Fresh fears for 'Tier 4' as ministers consider closing shops and issuing fresh 'stay at home order' as cases rise

FEARS are growing that a possible Tier 4 might be needed in the worst hit parts of the country after Christmas – as cases rose in every area last week.

Yesterday another five million people were plunged into harsher Tier rules, sparking fresh concerns that the system isn't working, just two weeks after it was reintroduced.

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Bedfordshire, Buckinghamshire, Berkshire, Peterborough, Hertfordshire, Surrey with the exception of Waverley, Hastings and Rother on the Kent border of East Sussex, and Portsmouth, Gosport and Havant in Hampshire will join most of the country in Tier 3 as of Saturday.

It means two thirds of the country are now in the top Tier rules – with restrictions nearly matching another lockdown but with shops and no 'stay at home' order.

Health Secretary Hancock is understood to be considering additional curbs, including closing non-essential shops if mass testing fails to make an impact, The Times reported.

A Whitehall official told the paper: “There is a case for going further than Tier 3 and it is getting stronger.

"[That could mean] closure of non-essential retail, stay-at-home orders.

"That would have to be actively considered in conversation with the local authority.”

Mr Hancock has regularly encouraged rules to be stronger and has favoured tougher lockdown measures to save lives.

But he will be up against the Chancellor if he presses to close more shops, who is likely to demand they stay open to help the struggling economy.

It came as:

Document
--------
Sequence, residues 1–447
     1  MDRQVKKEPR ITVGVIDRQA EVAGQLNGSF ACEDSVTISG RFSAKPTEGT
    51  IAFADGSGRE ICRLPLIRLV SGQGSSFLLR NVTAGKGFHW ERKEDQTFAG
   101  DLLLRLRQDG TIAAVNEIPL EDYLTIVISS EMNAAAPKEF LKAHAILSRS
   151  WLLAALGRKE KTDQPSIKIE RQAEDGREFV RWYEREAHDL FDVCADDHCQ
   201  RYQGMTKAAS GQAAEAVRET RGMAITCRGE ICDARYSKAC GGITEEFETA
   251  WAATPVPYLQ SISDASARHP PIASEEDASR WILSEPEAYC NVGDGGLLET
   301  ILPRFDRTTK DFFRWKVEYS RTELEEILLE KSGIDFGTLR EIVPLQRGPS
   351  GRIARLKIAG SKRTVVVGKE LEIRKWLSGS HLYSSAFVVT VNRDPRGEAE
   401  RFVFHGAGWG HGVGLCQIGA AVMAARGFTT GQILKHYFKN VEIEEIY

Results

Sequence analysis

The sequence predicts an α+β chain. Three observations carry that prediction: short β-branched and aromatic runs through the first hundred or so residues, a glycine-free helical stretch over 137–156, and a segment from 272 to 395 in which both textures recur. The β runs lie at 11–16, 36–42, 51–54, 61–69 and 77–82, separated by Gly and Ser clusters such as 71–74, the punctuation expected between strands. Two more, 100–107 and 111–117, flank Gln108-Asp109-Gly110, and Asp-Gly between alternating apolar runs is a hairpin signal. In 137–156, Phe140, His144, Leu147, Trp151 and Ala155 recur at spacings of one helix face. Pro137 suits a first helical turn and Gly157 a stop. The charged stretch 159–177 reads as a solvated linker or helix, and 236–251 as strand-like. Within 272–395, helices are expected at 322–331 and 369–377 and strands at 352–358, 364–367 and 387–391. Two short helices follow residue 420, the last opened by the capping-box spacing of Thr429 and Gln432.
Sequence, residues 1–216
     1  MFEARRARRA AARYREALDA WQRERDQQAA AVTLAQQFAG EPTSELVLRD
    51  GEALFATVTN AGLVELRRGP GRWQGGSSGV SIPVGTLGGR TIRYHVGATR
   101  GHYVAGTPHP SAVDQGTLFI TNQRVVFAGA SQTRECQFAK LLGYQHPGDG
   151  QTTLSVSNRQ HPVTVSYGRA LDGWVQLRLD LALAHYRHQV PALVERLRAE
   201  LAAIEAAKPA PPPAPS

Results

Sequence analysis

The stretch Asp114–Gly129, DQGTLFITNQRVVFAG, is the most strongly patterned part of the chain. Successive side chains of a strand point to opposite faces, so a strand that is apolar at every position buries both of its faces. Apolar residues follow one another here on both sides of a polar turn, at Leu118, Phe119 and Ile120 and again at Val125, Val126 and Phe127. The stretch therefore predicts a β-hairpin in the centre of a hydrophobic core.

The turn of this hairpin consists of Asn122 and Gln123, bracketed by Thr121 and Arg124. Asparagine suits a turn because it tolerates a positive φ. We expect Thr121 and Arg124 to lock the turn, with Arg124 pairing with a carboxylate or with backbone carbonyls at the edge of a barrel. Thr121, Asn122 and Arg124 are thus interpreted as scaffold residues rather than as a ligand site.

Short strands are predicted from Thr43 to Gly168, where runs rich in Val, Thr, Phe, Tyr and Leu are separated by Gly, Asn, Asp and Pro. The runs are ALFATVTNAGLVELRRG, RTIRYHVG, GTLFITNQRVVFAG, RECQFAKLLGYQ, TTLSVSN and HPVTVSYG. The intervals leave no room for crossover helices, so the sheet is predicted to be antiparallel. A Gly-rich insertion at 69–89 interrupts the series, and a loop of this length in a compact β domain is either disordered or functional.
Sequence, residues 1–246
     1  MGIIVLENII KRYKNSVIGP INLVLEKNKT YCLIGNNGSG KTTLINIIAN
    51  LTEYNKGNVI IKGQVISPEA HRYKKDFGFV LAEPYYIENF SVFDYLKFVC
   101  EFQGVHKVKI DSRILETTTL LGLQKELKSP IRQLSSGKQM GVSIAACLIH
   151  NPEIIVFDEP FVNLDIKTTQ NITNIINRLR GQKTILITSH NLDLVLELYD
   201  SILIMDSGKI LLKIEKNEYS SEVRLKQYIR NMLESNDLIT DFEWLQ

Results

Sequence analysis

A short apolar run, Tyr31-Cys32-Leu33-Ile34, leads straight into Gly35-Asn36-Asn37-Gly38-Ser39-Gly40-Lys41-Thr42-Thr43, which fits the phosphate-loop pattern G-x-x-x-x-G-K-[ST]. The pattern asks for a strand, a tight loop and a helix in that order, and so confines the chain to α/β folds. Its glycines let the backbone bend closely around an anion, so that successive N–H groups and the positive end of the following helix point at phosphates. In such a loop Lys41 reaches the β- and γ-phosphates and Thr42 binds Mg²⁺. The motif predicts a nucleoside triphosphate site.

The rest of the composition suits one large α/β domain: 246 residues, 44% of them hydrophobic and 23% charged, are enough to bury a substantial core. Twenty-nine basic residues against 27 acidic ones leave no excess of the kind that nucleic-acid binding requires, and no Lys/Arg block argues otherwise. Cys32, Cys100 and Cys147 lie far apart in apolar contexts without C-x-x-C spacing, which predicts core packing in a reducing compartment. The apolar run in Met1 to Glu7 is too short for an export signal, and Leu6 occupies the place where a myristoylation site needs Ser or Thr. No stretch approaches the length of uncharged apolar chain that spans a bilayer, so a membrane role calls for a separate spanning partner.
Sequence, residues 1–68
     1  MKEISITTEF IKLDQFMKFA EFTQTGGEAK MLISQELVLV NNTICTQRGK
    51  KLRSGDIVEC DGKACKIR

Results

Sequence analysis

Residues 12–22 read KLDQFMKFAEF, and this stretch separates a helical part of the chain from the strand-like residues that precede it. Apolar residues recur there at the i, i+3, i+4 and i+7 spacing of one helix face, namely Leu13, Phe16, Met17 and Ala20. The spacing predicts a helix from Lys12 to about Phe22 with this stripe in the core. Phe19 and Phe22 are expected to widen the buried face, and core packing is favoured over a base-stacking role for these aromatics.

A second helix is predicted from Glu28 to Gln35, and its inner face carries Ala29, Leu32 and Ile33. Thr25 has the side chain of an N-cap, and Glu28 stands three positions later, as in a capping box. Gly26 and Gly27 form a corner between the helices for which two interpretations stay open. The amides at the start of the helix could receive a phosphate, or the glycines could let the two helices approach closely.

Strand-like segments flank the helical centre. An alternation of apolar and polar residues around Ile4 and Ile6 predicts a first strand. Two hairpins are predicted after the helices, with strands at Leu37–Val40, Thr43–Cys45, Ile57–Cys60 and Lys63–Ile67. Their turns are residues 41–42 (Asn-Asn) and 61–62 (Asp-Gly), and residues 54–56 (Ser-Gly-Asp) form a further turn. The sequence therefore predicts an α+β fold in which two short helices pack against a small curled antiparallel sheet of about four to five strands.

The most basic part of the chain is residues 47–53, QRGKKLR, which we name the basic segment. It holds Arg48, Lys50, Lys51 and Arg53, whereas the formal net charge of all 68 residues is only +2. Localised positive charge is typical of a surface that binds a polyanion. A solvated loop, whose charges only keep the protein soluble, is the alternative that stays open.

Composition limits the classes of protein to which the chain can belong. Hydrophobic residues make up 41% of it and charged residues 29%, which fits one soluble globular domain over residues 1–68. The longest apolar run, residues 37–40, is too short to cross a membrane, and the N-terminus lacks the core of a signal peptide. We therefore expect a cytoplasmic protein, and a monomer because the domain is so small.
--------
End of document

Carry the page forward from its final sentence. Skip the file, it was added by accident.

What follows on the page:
• Boris Johnson warned people to isolate from today if they wanted to see family at Christmas next week
  • Despite England's four-week national lockdown ending only a fortnight ago, positive cases reached another 35,000 yesterday
  • Just North Somerset, Bristol and Herefordshire went down a Tier, despite hopes that Manchester, Leeds and parts of Birmingham might be able to be moved thanks to a crackdown on their cases
  • Matt Hancock warned everyone in Kent to act as if they had coronavirus and stay away from others

Christmas is expected to cause a spike in infections as many people are allowed to mix indoors for the first time in months.

Thankgiving in the US saw a similar rise in cases, which Professor Chris Whitty has said will lead to more deaths overall.

Clobbered businesses — ­particularly the hard-hit hospitality sector — warned of fresh job losses as a result as the fresh shutdowns.

The Tier 3 restrictions mean millions will miss out on going to the traditional Boxing Day races or football.

Nor will they be able to enjoy a Christmas drink down their local boozer as all pubs will shut.

Yesterday Downing Street refused to rule out a third lockdown after Christmas, and schools minister Nick Gibb could not either.

The PM’s spokesman said: “We’ve been clear of the rationale behind the tiered regional approach.

“That is designed to reduce the rate of transmission and reduce the R rate in areas of high prevalence.

“As we’ve said throughout, we will obviously keep the latest data and the latest trends under review.”

Asked if the whole of England was now headed to towards a national lockdown, Gibb told Sky News: "Nothing is ruled out of course as we tackle this pandemic but the test system is a very effective way… to focus the restrictions."

Northern Ireland is set to go into a six WEEK lockdown from Boxing Day, it was confirmed today.

In some of the harshest rules seen yet, supermarkets will be forced to close by 8pm.

Wales will also go into lockdown after Christmas, with shops shut, a stay at home order introduced, and people told not to mix.

Scotland hasn't ruled it out, but has not announced any plans yet.



The Health Secretary said yesterday everyone in Kent must be extremely cautious.

The rate for the whole of Kent is a staggering 537.4 cases per 100,000 people, compared with 204.2 for England overall.

And 11 of the top worst affected areas in England are in Kent, too.

Mr Hancock said earlier this week that the new strain of coronavirus could be partly responsible for the virus appearing to spread incredibly quickly there.

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